The rest of the ride was more bucolic, despite a few wrong turns (easily recovered, given that two of us were carrying GPS-enabled smartphones). On Fremont Peak, the summit beckoned, but we elected not to hike the final 300 feet to the top; the view was a bit hazy and one member of our trio was pressed for time. Near the base of the hill, I was momentarily mesmerized by the grasses shimmering in the afternoon breeze. The dry season is rapidly approaching; these slopes will soon turn golden.

May 7, 2010


Before the obligatory safety warnings (Ice is slippery!), our coach encouraged us to stretch. You will be sore, you will feel it in your quads. Uh oh. I have a challenging bike ride tomorrow.

During my not-so-annual physical this week, my doctor reminded me that cross-training is a Good Idea. I know that, and he knows that I know that, but do I put that into practice?

Today I was treated to a play date with some co-workers at an ice rink, doing something I never imagined I would try: curling. Maybe you watched some curling a few months ago, when it was featured at the Olympics in Vancouver. Did you think: How hard can that be, sliding a chunk of granite across the ice? You want to call this cross-training?

After some basic instruction and practice, we played three ends. A tie score seemed certain: 0-0. When you release the stone, it needs to travel a long way. It needs to stay in bounds. It needs to stop inside a circular target. The odds seemed slim indeed that any of us would accomplish this.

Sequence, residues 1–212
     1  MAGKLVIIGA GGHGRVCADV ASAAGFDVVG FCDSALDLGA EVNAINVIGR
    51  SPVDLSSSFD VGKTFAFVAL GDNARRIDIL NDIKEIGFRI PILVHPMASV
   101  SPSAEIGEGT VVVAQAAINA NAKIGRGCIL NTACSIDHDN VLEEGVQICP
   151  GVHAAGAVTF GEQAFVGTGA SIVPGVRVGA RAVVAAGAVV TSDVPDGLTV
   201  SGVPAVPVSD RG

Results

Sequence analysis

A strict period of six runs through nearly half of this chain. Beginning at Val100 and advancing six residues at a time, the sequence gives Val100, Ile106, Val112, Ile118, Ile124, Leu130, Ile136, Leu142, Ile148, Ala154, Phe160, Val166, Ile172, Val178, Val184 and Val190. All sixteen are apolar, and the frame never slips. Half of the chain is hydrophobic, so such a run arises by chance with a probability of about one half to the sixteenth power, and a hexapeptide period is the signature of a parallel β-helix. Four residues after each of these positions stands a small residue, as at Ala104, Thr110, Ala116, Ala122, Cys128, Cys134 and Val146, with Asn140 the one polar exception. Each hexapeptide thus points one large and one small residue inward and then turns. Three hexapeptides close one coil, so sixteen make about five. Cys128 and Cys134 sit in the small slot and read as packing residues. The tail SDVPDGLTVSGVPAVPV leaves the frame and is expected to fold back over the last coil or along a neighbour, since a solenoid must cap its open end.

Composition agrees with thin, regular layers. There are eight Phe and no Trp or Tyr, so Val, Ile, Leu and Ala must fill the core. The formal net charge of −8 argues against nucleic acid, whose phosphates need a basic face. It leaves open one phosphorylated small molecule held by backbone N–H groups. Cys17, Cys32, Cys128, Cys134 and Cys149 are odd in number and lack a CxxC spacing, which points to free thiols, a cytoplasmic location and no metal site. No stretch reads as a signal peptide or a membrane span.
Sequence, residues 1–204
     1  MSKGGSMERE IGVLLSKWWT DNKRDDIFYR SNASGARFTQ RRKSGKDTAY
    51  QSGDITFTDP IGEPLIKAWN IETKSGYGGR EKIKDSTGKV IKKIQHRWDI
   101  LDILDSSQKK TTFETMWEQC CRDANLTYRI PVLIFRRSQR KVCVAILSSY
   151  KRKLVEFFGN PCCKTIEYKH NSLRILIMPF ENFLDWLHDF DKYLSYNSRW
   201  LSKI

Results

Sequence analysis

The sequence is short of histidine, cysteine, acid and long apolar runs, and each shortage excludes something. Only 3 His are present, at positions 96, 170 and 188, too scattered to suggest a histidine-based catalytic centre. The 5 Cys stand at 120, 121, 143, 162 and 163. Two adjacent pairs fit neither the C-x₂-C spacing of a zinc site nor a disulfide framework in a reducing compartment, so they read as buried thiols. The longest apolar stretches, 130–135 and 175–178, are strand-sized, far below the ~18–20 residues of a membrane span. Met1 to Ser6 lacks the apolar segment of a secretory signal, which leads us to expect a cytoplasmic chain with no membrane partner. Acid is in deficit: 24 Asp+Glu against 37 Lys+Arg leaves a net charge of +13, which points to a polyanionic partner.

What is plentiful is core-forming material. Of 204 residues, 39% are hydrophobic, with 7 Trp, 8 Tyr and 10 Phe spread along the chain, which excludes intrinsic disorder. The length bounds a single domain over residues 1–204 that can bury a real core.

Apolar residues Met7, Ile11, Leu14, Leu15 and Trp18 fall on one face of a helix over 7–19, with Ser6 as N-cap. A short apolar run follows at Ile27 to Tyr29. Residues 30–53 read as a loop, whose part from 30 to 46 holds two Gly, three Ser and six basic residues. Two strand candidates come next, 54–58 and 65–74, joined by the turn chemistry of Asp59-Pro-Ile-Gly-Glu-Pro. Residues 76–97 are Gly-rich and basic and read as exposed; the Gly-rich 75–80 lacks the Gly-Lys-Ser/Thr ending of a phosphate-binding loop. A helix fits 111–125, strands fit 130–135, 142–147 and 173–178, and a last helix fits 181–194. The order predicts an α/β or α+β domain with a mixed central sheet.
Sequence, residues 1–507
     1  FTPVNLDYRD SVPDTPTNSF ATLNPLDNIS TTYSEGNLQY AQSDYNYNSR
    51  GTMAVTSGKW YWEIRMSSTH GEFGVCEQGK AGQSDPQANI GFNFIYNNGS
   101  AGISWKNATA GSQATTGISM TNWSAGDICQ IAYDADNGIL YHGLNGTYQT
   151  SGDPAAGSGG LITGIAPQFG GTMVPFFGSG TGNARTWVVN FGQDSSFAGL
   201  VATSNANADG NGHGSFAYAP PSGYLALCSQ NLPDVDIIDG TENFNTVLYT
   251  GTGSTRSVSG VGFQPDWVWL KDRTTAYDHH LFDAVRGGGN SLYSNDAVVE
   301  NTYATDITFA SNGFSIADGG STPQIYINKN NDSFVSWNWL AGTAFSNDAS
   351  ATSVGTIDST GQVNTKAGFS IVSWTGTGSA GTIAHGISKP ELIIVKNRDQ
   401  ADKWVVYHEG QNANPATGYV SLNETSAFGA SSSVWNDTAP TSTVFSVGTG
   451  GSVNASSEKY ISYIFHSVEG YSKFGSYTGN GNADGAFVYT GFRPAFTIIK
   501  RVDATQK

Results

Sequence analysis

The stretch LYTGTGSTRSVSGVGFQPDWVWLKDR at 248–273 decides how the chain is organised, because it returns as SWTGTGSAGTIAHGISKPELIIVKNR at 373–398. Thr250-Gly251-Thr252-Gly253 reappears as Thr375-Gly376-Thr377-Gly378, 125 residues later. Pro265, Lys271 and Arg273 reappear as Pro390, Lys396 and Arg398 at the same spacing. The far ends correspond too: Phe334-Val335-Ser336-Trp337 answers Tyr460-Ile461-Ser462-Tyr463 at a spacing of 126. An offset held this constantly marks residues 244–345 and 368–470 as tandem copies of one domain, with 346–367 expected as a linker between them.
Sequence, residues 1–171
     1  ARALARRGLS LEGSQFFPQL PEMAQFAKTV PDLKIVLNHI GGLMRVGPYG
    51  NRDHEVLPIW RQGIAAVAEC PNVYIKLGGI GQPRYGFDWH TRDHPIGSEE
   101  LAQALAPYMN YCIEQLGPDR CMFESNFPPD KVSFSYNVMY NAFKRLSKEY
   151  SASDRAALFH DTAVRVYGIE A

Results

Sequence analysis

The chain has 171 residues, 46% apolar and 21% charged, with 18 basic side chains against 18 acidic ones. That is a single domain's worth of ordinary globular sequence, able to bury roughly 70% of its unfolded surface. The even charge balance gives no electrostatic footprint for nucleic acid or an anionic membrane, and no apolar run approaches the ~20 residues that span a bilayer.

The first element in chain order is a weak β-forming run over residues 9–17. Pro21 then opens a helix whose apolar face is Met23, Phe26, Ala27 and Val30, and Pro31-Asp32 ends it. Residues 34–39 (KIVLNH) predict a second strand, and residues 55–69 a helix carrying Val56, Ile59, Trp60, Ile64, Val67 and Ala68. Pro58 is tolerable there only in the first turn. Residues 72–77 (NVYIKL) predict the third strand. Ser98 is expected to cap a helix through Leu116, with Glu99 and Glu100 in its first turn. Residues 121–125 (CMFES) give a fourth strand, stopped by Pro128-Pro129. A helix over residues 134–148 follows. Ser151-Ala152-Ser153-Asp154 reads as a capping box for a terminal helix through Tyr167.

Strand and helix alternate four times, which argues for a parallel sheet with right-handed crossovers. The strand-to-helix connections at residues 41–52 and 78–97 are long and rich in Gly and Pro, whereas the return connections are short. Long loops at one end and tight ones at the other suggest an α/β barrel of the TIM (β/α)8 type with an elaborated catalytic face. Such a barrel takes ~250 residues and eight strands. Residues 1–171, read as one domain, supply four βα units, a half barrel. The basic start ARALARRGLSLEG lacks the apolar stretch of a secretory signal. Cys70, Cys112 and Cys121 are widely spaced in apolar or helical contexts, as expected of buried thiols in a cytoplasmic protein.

Ha! Not only did our team win (5-0), I managed to score a point: the greenish yellow stone on the left in the photo was my stone, which not only stayed in bounds and stopped inside the circle — it knocked a competing blue one farther out! Never mind that my stone was supposed to stop short of the circle, to serve as a "guard" stone ...

Quadriceps? Sore, in a special new way. Groin muscles? Sore, as promised. Repeatedly sliding down the ice, knees bent, furiously brushing the ice ahead of a sliding chunk of granite with a broom? Cross-training, beyond any doubt.

May 1, 2010

Off to the Races

My heart rate was elevated, my quads were burning, and I was only halfway up the infamous Cat's Hill ... on foot. I found a gap in the spectators and planted myself on the sidewalk. Two women racers walked past, rolling their bikes and commenting:
This is harder than climbing it!
During a break in the action, another woman racer clipped in and rode to the top. A local police officer gave her a surprised look, and she also remarked:
It's easier than walking.
After volunteering at the registration desk for the 37th Annual Cat's Hill Criterium, I was free to watch the final race: the field of Pro/1/2 men. It was easy to recognize these guys as they approached the registration table: musculature straight out of an anatomy textbook and veins that resemble vines snaking up their arms and legs.

Remarkably, the field mostly stays together, though the repeated circuits take their toll. Drop your chain on the hill and your race is over. One guy rolled to the side and abandoned mid-hill in the penultimate lap.

One of these days, maybe I will find out if it truly is easier to ride my bike up Cat's Hill. Or maybe I will just take their word for it.